Superhuman

In 2014, three entrepreneurs — Rahul Vohra, Vivek Sodera, and Conrad Irwin — teamed up to create an email client and productivity app in one for professionals and named their product Superhuman. They marketed it as an exclusive product available only through invites. Word spread, and Superhuman became a status symbol among young professionals who didn’t find a problem paying $30 per month for the privilege.

Over time, the team behind Superman built features targeted at enterprise users and marketed it successfully, luring big-name customers like Netflix, Airbnb, and Harvard University.

With over $100 million raised from venture capitalists, Superhuman is one of the most well-funded email startups.

Superhuman: Plans and pricing

A subscription to Superhuman costs $30 per month per user, making it one of the most pricey email tools. For reference, you can get a Netflix, Spotify, and Google One monthly subscription for that amount. Yet, thousands of users see it fit to pay that amount, and many more are on the waitlist. 

The enterprise plan doesn’t have standard pricing. You’ll have to contact Superhuman’s sales team and negotiate a package.

Superhuman offers no free trial or a refund policy for users. 

(Image credit: Superhuman)

Superhuman: Features

Superhuman is a wrapper for the Gmail app with nice features to add. It’s not compatible with other email providers, which significantly limits its reach yet fosters the aura of exclusivity around the app. Its main functions are delivering speed and a visually appealing interface to make email communications more enjoyable. The app provides many features, including;

You can reply, search, and archive emails offline, and they’ll instantly sync when you come online. A slow network won’t disrupt your email activity when using Superhuman.

The sidebar of this app shows details on your contacts pulled from social media platforms like Twitter, Facebook, and LinkedIn and previous email conversations with that contact. The idea is to see what people look like, where they’re based, and what they do. 

This feature helps you expand your network by connecting with contacts on social platforms. For example, you should see a Connect button next to a contact’s LinkedIn details. Click on it, and it’ll automatically take you to the page where you’ll request a LinkedIn connection with that contact.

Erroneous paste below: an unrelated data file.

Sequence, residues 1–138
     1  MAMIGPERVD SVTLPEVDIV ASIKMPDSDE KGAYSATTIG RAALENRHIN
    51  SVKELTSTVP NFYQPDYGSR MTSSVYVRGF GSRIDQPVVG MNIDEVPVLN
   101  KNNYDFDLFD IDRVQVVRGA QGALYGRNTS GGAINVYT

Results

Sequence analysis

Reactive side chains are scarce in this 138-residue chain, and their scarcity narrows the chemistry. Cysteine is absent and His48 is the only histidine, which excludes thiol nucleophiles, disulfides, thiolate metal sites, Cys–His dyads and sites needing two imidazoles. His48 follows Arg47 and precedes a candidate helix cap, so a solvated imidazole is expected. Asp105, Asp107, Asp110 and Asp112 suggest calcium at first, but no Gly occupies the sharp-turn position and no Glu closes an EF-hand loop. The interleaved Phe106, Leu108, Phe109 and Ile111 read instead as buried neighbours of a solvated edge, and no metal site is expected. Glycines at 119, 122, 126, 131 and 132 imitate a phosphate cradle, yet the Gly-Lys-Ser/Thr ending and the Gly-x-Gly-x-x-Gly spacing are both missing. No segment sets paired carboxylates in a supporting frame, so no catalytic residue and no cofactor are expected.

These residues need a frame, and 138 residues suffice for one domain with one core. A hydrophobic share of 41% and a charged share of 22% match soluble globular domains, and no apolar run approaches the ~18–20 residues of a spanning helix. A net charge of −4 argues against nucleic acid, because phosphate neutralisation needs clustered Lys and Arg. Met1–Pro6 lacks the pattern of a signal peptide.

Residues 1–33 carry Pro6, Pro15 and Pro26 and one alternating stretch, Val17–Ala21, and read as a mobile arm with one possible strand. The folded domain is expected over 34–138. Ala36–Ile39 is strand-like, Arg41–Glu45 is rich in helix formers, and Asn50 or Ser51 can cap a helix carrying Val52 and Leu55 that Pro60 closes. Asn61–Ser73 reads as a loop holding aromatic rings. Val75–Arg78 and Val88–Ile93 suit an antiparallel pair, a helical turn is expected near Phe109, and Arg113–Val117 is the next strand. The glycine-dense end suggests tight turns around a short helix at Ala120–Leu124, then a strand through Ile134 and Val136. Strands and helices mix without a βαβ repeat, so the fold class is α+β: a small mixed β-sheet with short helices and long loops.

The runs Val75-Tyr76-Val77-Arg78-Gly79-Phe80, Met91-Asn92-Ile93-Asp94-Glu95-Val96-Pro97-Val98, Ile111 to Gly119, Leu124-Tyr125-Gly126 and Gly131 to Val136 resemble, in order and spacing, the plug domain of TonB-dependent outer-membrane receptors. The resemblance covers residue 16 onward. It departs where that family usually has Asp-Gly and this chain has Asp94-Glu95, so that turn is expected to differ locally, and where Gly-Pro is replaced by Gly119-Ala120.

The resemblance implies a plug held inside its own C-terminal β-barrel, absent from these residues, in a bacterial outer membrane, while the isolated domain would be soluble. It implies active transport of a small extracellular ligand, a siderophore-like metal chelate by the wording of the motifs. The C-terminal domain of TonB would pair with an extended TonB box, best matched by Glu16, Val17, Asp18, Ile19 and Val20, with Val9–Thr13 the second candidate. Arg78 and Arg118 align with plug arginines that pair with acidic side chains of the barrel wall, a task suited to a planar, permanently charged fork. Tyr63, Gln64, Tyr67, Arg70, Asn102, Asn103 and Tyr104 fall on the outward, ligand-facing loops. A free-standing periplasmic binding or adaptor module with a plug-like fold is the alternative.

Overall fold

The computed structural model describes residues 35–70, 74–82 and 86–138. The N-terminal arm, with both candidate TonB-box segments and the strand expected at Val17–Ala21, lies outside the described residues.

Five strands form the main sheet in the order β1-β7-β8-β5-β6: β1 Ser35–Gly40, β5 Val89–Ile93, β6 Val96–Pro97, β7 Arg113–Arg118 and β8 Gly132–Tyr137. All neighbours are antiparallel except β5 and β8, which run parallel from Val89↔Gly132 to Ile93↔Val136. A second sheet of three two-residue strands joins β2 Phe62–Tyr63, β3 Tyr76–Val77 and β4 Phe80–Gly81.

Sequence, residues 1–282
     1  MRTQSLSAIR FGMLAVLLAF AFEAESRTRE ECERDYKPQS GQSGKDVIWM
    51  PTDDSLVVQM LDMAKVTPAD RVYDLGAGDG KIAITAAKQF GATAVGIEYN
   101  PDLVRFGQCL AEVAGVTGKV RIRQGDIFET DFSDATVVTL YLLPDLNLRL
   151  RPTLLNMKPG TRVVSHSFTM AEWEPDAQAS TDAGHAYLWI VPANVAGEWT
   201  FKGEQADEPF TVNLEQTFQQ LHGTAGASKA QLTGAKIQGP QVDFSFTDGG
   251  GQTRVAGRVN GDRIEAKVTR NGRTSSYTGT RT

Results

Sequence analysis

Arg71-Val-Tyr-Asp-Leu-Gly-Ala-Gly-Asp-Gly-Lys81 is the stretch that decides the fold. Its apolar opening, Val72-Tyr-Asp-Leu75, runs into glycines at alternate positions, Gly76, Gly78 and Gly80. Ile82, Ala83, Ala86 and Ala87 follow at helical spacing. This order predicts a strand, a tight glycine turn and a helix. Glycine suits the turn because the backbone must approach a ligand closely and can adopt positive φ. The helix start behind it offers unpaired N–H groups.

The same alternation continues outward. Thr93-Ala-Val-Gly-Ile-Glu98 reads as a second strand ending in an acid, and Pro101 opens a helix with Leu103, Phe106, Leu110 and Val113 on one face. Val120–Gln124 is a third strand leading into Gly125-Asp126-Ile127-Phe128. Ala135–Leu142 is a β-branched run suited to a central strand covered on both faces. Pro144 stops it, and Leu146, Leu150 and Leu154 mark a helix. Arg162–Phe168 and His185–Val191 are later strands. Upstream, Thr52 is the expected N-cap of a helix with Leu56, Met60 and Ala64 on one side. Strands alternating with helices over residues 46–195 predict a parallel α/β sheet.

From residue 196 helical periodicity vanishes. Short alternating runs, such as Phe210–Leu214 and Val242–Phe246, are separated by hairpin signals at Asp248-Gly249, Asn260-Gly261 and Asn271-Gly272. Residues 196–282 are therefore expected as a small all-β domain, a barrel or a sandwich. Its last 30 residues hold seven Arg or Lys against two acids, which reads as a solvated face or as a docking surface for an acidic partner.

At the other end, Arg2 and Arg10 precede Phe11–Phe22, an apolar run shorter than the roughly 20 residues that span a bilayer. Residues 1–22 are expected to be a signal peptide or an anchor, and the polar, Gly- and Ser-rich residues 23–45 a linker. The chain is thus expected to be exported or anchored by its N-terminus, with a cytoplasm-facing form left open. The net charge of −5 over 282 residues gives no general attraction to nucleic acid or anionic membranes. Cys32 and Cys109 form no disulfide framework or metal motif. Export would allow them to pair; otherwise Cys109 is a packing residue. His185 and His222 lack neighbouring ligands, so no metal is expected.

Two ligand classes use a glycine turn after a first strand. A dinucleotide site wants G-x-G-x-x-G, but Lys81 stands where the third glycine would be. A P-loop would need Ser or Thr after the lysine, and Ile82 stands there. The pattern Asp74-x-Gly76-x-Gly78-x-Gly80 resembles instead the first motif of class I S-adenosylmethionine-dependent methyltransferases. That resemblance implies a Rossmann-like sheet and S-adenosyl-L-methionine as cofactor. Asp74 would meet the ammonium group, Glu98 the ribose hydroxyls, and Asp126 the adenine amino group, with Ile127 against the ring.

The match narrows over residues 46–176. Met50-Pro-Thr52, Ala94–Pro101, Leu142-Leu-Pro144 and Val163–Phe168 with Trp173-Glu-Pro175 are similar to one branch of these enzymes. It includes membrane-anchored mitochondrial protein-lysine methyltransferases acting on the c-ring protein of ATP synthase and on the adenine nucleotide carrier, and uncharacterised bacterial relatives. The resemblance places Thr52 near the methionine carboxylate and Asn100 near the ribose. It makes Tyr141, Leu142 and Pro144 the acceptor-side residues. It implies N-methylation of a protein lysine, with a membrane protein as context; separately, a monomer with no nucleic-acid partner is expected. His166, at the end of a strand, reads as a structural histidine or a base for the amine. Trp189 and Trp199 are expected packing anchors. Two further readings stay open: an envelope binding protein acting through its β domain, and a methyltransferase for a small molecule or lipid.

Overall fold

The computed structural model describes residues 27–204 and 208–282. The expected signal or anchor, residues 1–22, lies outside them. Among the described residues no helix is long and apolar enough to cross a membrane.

Ever noticed a typo just after sending an email and wanted to make corrections? The good thing is that you can do that thanks to Superhuman’s Undo Send button. The button is present for a few seconds after sending an email, so click it, correct the errors, and resend it. 

This feature isn’t so unique– it’s present in most modern email apps. Yet, it’s still one to highlight because of its usefulness.

(Image credit: Superhuman)

 

Superhuman allows you to track whether recipients have read your messages so you can respond to them at the right moments. This feature is made possible by including tracking pixels (tiny, transparent images) not obvious to the recipient. 

In its early days, Superhuman enabled this feature by default and spurred significant backlash and accusations of fostering a surveillance culture. The company later provided a remedy by allowing users to disable tracking pixels.

People are often too busy to reply to your emails, and it’s easy to lose track of whether they’ve responded or not. To help users, Superhuman can send automatic follow-up emails. Just choose a time when sending an email, e.g., 3 days, and the app will remind you to follow up when due.

You can pick an exact time at which Superhuman will deliver your email to the intended recipient. For example, you can schedule an email for 8:55 am so that it’ll be one of the first the recipient will see when they start their work day. 

If your email is cluttered, you can declutter it by snoozing specific conversations, so that they won’t appear in your inbox until the snoozing period is up. This feature helps you focus on what matters and have a more productive inbox.

Superhuman lets you use a combination of keyboard strokes to move quickly through your inbox. Every feature on the app is accessible through a keyboard shortcut, which makes navigation easier. For example, Ctrl + K inserts a link, and Shift + Ctrl + B adds BCC recipients.  

(Image credit: Superhuman)

Superhuman: Interface and use

As we’ve mentioned, one of Superhuman’s biggest strengths is its intuitive interface. It has a minimalist and premium feel that makes it enjoyable to interact with. It seems the platform’s development team pored through every aspect of the interface to deliver a fine-tuned product.

You can download the Superhuman app on an iPhone or Mac desktop.  It’s not available on Windows PCs or Android phones.

Superhuman: Support

There’s a dedicated support email where you can send inquiries or seek solutions to issues you encounter when using the app. There’s no live chat or telephone support, which we think isn’t fitting given the app’s high price. 

Superhuman: The competition

The best alternative to Superhuman is Front, an app that integrates email with complementary features such as team collaboration and analytics. It has an appealing interface just like Superhuman and is more affordable, starting at $19 per month. However, it is best suited for enterprise use instead of individual usage like Superhuman. 

Superhuman: Final verdict

Superhuman is an email app we’ll recommend to anyone willing to pay the steep price. Yet, the app is still invite-only, meaning being willing to pay isn’t sufficient. Being invite-only and exclusive to iPhones and Mac PCs is part of the premium branding, but we think that’s unnecessary gatekeeping.  

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